Bring­ing a hate crime to light—with Love

An in­ti­mate doc­u­men­tary shows that when Scott Jones was at­tacked, the whole queer com­mu­nity was at­tacked.

The Coast - - COVER STORY - BY CARSTEN KNOX Carsten Knox is a film writer and pro­gram­mer. He’s also a part of the FIN Script De­vel­op­ment Pro­gram this year.

Love, Scott Monday, Septem­ber 17, 6:30pm Cine­plex Park Lane, 5657 Spring Gar­den Road $22.50 fin­fes­ti­val.ca

Scott

Jones’ life changed on the night of Oc­to­ber 13, 2013, al­most five years ago. The openly gay mu­si­cian was at­tacked on a New Glas­gow street by Shane Mathe­son, a teenager with a knife. The in­ci­dent put Jones in hos­pi­tal for months, and took from him the use of his legs.

Laura Marie Wayne, a film­maker and close friend of Jones’, flew home from Cuba when she heard of the at­tack. Her film, Love, Scott, in­cludes ini­tial, in­ti­mate footage from Jones’ hos­pi­tal room.

“I’m one of those film­mak­ers who hates un­pack­ing her cam­era,” Wayne says. “But as soon as Scott was at­tacked, I had a deep sense to bring it with me. There was a sense that some jus­tice could come through the cam­era, and that a re­ally im­por­tant part of the story— that he was tar­geted as a gay man—wasn’t be­ing heard.”

Mathe­son was con­victed of at­tempted mur­der in June, 2014, and sen­tenced to 10 years in prison. But the at­tack was never con­sid­ered a hate crime. Love, Scott makes the case, and more.

“With this cam­era, with our re­la­tion­ship, this felt like the chance to bring Scott’s truth, Scott’s ver­sion of the story to the public,” says Wayne. “Not the me­dia ver­sion, not the po­lice, but Scott’s lived ex­pe­ri­ence.”

The doc­u­men­tary piv­ots be­tween the in­ti­mate and the po­lit­i­cal, some­times in the same scene. Wayne’s friend­ship with her sub­ject means she gets ac­cess to fre­quent, emo­tion­ally charged mo­ments in the months and years of Jones’ work­ing through trauma, his re­turn to the street where he was at­tacked, and a re­con­nect­ing with im­por­tant peo­ple and places in his life. It also de­tails his sub­se­quent ac­tivism. His Don’t Be Afraid cam­paign is an ef­fort to elim­i­nate ho­mo­pho­bia and di­min­ish vi­o­lence and big­otry through con­ver­sa­tion and ex­pres­sion.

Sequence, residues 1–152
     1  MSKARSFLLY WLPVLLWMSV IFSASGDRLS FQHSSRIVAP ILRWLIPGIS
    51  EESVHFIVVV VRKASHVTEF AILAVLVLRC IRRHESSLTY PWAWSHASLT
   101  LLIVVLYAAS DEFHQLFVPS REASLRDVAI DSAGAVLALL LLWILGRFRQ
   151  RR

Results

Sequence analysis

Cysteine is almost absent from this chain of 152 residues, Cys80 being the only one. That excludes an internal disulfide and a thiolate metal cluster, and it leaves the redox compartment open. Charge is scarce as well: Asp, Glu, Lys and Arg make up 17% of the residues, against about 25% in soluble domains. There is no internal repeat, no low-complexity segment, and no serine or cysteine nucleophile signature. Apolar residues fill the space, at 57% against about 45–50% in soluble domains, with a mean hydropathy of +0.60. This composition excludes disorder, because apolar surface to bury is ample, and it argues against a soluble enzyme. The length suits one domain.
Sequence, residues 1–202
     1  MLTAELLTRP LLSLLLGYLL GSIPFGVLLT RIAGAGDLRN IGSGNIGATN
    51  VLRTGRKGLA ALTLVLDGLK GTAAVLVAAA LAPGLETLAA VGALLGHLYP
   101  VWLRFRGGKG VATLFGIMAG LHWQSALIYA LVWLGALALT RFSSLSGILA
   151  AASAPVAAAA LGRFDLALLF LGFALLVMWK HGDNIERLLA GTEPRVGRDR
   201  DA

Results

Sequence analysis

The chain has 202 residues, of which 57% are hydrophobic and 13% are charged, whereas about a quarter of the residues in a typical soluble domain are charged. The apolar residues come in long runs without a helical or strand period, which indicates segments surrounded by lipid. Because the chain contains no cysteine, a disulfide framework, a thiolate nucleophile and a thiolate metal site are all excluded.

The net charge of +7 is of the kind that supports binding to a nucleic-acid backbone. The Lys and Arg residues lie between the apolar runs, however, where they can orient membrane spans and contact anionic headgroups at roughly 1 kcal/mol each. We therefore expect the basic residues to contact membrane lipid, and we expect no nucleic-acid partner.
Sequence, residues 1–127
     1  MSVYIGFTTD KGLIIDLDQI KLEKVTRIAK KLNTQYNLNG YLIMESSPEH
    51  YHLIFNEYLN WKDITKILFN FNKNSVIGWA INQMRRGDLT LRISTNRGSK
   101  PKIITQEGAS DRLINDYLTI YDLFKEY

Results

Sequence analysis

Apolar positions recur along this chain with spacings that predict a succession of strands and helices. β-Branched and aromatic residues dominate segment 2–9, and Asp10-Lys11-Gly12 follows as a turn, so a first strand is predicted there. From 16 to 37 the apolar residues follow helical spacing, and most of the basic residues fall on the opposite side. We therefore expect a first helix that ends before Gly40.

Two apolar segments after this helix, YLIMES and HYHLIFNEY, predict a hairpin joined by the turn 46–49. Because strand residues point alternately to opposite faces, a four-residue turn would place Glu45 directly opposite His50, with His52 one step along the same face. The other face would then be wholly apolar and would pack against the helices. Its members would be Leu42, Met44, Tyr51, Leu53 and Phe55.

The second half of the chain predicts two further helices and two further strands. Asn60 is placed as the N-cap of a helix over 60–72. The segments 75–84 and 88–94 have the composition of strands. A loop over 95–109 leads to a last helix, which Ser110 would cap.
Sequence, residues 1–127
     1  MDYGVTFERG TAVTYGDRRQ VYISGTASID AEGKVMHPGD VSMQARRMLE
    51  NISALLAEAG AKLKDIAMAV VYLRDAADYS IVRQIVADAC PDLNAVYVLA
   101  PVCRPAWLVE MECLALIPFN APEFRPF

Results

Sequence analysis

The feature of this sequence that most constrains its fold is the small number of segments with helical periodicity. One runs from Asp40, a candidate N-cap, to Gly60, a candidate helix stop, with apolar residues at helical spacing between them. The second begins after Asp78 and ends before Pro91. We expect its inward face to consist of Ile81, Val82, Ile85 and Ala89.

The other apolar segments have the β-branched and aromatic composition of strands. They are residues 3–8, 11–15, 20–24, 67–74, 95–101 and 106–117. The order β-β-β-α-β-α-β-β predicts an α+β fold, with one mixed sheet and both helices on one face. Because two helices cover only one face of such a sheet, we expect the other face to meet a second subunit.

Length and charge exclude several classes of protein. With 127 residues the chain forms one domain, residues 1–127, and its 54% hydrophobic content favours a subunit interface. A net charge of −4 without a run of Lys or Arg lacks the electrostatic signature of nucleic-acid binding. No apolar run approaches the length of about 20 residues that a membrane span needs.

For Jones, hav­ing these mo­ments cap­tured and shared is a cathar­tic ex­pe­ri­ence as the film tours the coun­try. It’s al­ready screened at Hot Docs and the In­side Out fes­ti­vals in Toronto.

“Ini­tially, watch­ing it was dif­fi­cult,” Jones says. “It’s been such a long jour­ney. To see it all rep­re­sented on screen, it’s re­ally emo­tional. I’m re­ally happy with it, ob­vi­ously.”

What helps root the film is Wayne’s com­pelling vis­ual aes­thetic, a full swatch of au­tum­nal moods and colours set­ting off Jones’ eyes and beard, where the Nova Sco­tia land­scape mir­rors his in­ner world. And all this with a gor­geous sound­track by none other than Sigur Ros.

“When it came time to start edit­ing, I used that mu­sic, but know­ing that we wouldn’t be able to have it,” says Wayne. “But it be­came so ap­par­ent that noth­ing else would do. Noth­ing else is as deeply as emo­tive or speaks to this ex­pe­ri­ence. So, Scott was like, ‘We need them.’”

Cue a con­ver­sa­tion with pro­ducer An­nette Clarke, and a contact with the Ice­landic band’s man­ager. An email and a small por­tion of the film was shared, with an un­ex­pected re­sult: The band wrote back the next day with a mes­sage of sup­port. “They said, ‘What­ever it takes, we want to give our mu­sic to the film. We’ll make it hap­pen,’” says Wayne. “If some­one had told me as a film stu­dent that one day I would have a Sigur Ros sound­track, that’s the ul­ti­mate. I can re­tire now.”

The film in­cludes Jones shar­ing a let­ter he wrote to Mathe­son, an ex­pres­sion of for­give­ness, but that doesn’t soften or change Wayne and Jones’ mis­sion state­ment.

“I’ve seen the ac­tivism cre­ate change, that’s been a big part of what’s kept me go­ing,” says Jones. “I feel like this film is giv­ing voice to queer ex­pe­ri­ence and cre­at­ing more change, that this is another chap­ter. It’s re­ally mo­ti­vat­ing me to con­tinue do­ing that work.”

“It’s so im­por­tant to be able to name the crime as a hate crime, which it wasn’t,” says Wayne. “One of the things that I learned in mak­ing the film, when a mem­ber of the queer com­mu­nity is at­tacked, it’s not an at­tack on one in­di­vid­ual, it’s an at­tack on the whole com­mu­nity. It cre­ates this resid­ual fear, where peo­ple feel it’s not safe to ex­press them­selves in public. That’s why it’s so im­por­tant not to sin­gu­lar­ize this as a one-off story.”

SUB­MIT­TED

“This felt like the chance to bring Scott’s truth, Scott’s ver­sion of the story to the public,” says film­maker Laura Marie Wayne. “Not the me­dia ver­sion, not the po­lice, but Scott’s lived ex­pe­ri­ence.”.

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